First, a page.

Why are stars of Major League Baseball not quite as popular as those of other sports? This was an interesting question discussed in a New York Times story published yesterday with the headline “How Popular is Baseball, Really?”
While this article (subscription may be required) points out that baseball blows away the National Football League and National Basketball Association in ticket sales, of course baseball has so many more games in which to sell tickets. The article also notes how well baseball does in local TV ratings. Financially, the sport seems strong and healthy.
But there was this except: “According to YouGov’s ratings of active sports personalities, 91 percent of Americans have heard of LeBron James and 88 percent have heard of Tom Brady, but only 43 percent have heard of Mike Trout of the Los Angeles Angels, baseball’s best player.
“You don’t have to look any further than the national reach of each league’s television broadcasts to see why this may be the case.”
The Times did an analysis of television broadcasts by county throughout the country and it produced this stat, which for me was pretty eye-opening: 100 percent of counties air at least a quarter of Brady’s games and 98 percent of counties air at least a quarter of James’ games. But only 1 percent of counties air at least a quarter of Trout’s games.
The Times reports that only six of Trout’s 162 games in 2018 were aired in Chicago. By contrast, 42 percent of James’ 82 games and 56 percent of Brady’s 16 games were aired there.
I will take this a step further. There are national telecasts of all the playoff games in each of the major sports leagues, but the Angels have made the postseason just once in Trout’s career. This has kept him from having a bigger profile on a national stage. James has played in 239 playoff games, Brady 40 and Trout just three, in the 2014 playoffs.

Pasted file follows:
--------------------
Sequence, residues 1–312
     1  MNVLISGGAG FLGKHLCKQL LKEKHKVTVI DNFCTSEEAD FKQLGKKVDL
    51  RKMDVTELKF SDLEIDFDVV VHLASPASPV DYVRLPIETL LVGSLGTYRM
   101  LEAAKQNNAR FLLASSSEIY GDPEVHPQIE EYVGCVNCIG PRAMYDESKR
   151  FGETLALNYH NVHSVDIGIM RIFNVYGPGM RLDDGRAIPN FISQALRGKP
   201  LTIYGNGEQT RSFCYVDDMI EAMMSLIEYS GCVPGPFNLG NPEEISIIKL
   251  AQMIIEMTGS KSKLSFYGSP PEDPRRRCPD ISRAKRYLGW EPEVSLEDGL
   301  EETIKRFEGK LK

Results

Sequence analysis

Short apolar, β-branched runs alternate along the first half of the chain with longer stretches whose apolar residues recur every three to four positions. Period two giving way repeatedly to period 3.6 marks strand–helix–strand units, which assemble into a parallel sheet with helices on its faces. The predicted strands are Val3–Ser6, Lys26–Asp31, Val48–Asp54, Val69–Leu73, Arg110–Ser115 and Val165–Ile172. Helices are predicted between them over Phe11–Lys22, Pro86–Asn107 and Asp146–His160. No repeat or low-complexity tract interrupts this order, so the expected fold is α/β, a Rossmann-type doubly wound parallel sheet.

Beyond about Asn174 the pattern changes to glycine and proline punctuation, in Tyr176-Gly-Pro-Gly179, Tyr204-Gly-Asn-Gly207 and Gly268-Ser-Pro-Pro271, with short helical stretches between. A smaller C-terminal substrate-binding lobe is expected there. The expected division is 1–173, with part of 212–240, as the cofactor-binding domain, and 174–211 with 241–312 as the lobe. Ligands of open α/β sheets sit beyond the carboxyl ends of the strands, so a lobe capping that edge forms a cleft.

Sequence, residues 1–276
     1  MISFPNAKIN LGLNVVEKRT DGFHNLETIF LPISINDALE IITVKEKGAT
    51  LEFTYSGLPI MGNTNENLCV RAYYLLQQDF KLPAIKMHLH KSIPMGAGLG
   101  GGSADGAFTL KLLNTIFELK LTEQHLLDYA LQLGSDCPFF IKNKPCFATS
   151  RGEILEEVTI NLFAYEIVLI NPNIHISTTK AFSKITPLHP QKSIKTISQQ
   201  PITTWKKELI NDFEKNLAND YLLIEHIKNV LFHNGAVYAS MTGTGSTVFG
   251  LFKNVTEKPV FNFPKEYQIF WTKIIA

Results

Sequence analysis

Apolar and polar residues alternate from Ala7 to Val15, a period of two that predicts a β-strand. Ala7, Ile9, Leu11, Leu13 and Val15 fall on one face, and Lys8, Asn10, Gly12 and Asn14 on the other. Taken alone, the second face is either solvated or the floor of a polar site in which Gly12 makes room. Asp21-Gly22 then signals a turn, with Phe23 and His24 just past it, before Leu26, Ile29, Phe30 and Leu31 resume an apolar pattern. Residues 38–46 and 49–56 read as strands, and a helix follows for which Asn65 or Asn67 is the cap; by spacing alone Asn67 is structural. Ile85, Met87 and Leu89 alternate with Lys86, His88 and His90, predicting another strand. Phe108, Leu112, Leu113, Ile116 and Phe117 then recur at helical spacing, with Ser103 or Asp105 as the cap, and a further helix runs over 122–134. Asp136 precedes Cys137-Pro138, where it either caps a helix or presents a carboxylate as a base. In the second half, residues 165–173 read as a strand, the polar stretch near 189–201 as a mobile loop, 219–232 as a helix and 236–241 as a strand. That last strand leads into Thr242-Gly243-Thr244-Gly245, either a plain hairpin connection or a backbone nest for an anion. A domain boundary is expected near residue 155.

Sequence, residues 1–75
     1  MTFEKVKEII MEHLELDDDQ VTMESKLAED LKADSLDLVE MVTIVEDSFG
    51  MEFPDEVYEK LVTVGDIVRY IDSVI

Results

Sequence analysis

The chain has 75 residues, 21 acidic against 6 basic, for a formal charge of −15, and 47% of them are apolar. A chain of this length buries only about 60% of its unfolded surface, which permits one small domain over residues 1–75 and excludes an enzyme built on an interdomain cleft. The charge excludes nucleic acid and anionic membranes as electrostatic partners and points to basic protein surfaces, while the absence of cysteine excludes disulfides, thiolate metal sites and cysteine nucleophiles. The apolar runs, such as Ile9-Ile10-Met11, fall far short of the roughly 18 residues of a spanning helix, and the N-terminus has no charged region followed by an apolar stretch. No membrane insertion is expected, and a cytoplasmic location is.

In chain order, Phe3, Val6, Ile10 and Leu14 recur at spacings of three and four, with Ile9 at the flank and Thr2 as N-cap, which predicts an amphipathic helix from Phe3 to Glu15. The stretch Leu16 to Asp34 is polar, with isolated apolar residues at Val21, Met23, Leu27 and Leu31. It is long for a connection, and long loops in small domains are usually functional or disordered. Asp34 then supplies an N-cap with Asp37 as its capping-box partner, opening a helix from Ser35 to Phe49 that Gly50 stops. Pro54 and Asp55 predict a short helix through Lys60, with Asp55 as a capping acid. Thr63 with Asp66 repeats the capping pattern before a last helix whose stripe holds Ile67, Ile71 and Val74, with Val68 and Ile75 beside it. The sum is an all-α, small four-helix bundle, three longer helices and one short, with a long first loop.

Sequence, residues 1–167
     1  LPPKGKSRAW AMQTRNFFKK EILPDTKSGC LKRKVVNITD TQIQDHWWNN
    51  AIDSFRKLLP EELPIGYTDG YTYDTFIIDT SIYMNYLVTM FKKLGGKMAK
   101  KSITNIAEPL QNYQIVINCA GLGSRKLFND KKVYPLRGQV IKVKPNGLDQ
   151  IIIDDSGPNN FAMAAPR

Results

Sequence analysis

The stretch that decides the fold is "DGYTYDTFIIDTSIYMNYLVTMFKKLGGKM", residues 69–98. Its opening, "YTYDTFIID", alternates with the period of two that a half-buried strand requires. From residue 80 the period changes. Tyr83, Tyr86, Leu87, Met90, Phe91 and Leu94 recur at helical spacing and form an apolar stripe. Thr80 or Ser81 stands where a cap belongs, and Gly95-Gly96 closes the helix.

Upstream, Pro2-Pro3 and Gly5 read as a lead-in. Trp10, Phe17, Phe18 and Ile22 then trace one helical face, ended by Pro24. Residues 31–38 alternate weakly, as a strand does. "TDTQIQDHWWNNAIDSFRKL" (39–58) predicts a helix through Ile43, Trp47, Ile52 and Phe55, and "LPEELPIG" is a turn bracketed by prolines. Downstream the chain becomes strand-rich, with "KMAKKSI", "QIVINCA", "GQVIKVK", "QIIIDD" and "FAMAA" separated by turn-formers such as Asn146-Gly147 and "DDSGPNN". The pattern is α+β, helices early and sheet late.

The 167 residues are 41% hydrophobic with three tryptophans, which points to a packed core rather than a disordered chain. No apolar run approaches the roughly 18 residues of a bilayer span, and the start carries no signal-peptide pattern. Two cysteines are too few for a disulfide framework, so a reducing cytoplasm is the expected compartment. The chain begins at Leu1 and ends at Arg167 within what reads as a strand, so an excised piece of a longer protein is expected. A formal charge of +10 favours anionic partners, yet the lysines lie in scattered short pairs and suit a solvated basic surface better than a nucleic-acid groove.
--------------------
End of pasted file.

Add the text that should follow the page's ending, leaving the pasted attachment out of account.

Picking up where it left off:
The postseason is when stars are really made, and I’m not sure how anyone in MLB can figure out a way to market Trout in the playoffs when his team doesn’t get there. Think of Houston’s Jose Altuve, already a popular player, and how his popularity went to another level when he hit a walk-off homer to end the American League Championship Series last week.
We hear criticism often about how MLB needs to better market its stars. But how can the sport accomplish that? James and Brady got the natural boost from all those playoff games. Trout did not.
How can baseball overcome this?
Coming up this weekend: One of our longtime and well known readers here, Erin, is organizing a get-together for anyone who wants to come by, meet me and talk some baseball this Friday night. It’s at 7:30 p.m. at Looney’s Pub in Bel Air. Come by if you can. If you don’t live around Baltimore, we understand you can’t make it. I don’t think we will exactly be packing the place, but feel free to make our small gathering a bit bigger.
It should be fun. You can buy me a beer, and I just may buy you one. I’ll be the cute guy with glasses and a lot of gray hair.
This Saturday, I will be part of an Orioles fan forum at the Babe Ruth Museum from 1:30 to 2:30 p.m. Come by and talk some baseball then too. The program is free with admission to the museum, which is $10/adults, $8/seniors, $5/kids. You can get more info at 410-727-1539 X3033 (speak to Katie), or . baberuthmuseum.org
Remembering ‘66: With all the talk about the good starting pitching in this World Series, I wanted a refresher about how good the Orioles’ pitchers were in their four-game sweep of the Los Angeles Dodgers in the 1966 Fall Classic.
They were spectacular.
In the series, O’s starters allowed two runs in 29 1/3 innings for an 0.61 ERA. Orioles pitching allowed just two runs in the entire series, and none in the last 33 innings. The last three O’s starters pitched three complete-game shutouts, and the team used just four pitchers total in four games. Mo Drabowsky relieved Dave McNally in Game 1. And then Baltimore got complete games by Jim Palmer, Wally Bunker and McNally. So yeah, that’s some great pitching.
Nats take Game 1: The Washington Nationals got homers from an old guy (Ryan Zimmerman) and a young guy (Juan Soto), and beat a great guy (Gerrit Cole) to top Houston 5-4 in the World Series opener. The Nats are for real. This series could turn out very differently than many (including me) thought. So what were those longshot odds from yesterday on the Nats?